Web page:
As I brainstorm here, you can see I’m starting to try to unearth the nugget of the story. What kind of story am I writing? Oh – and I should have mentioned this earlier, I’m a sucker for upbeat endings, so I know I want the story to end on a positive note. Therefore for balance it should probably start in the shitter, right?

So Astrid, our intrepid main character, is running away from something. A life of petty crime down on her home planet, perhaps? Or not-so-petty crime? A mistake she made, maybe crime-related? Cheated a crime lord? Stole from the wrong guy/gal? Trusted someone she shouldn’t? I find trust to be a worthwhile theme in fiction, and the violation of trust in a young woman can be a powerful impetus for her to change, so let’s go with that.

She was in a gang, for lack of a better term, and her gangleader, another woman to keep it from being a love triangle (I hate those.) She thought she could trust Miranda. They’d been getting by okay by running confidence schemes (I’m using this primarily as backstory, but I’m mentally flagging things like this that would require further research if I were to go into detail. I don’t know anything about “running confidence schemes” other than it sounds good, lol, so I am cautious to not over-commit on this aspect.) down on the planet Veron. Until Miranda got picked up by local enforcement and spilled the beans about where Astrid is holed up. Astrid made it off-planet, just barely, by stowing away on a freighter, and then hooked up with the crew of the … see? Lots of imagination needed here. What is the ship named? Crew of the Corona. She takes work as a basic engine tech, having familiarity with the Corona’s engines because part of those “confidence schemes” down on Veron were black market parts trading. (Ah, putting together aspects of the backstory.) Perhaps she even learned the trade from her no-good-criminal-father? But I don’t like really ugly parental backstories, so I’ll probably just continue to leave the parent question open/unanswered/irrelevant for now.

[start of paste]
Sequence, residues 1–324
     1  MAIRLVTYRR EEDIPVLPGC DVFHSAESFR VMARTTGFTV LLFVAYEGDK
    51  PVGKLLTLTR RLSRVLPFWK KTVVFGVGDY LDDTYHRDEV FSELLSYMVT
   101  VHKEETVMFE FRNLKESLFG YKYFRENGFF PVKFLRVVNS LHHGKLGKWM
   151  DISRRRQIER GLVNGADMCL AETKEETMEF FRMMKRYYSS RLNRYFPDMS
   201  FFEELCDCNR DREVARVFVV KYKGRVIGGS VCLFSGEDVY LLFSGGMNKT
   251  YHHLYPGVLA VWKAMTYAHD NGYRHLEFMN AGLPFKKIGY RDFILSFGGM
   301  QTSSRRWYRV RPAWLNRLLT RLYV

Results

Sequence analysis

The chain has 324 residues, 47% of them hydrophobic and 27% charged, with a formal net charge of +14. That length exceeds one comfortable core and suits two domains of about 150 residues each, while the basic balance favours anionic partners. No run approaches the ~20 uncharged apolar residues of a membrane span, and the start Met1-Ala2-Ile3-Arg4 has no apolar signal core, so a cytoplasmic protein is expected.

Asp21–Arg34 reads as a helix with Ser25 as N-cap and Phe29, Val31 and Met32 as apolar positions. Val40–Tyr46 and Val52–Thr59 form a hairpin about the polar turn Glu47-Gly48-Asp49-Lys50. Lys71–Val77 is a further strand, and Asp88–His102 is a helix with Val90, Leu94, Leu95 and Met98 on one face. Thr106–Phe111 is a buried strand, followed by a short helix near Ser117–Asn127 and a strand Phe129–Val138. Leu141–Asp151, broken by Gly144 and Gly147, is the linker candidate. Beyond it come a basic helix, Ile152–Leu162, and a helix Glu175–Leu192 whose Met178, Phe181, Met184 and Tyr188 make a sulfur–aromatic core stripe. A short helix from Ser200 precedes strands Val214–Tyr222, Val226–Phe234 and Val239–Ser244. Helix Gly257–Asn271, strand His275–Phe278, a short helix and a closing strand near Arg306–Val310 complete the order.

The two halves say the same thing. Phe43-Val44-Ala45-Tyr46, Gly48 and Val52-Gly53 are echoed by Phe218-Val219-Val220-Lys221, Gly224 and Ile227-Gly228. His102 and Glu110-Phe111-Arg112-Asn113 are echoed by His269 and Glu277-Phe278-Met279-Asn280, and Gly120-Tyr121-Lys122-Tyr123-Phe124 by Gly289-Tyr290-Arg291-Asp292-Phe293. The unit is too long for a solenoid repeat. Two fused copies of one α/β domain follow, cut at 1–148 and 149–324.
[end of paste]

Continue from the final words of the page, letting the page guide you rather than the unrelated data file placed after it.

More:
Oh dear, at some point then I also start to do some visualization, as that helps me picture things in my mind. The only problem is, it’s a major rabbit hole. Be careful! My cover designer friend Renee from The Cover Counts usually uses, where I found these images:

They both look a wee bit menacing, which I was aiming for.

But as I consider menacing, it gets me thinking about the pirate aspect of this story. Why are these pirates out in this area of space and just what are they pirating?